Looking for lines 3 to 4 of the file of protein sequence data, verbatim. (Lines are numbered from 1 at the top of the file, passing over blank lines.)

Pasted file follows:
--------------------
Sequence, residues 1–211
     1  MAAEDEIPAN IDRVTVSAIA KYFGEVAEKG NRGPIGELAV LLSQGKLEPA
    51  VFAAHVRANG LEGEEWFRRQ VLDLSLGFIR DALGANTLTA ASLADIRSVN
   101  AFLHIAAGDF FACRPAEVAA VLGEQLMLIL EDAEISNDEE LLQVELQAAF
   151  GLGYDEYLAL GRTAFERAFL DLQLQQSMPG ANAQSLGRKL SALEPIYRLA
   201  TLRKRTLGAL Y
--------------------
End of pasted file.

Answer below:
    51  VFAAHVRANG LEGEEWFRRQ VLDLSLGFIR DALGANTLTA ASLADIRSVN
   101  AFLHIAAGDF FACRPAEVAA VLGEQLMLIL EDAEISNDEE LLQVELQAAF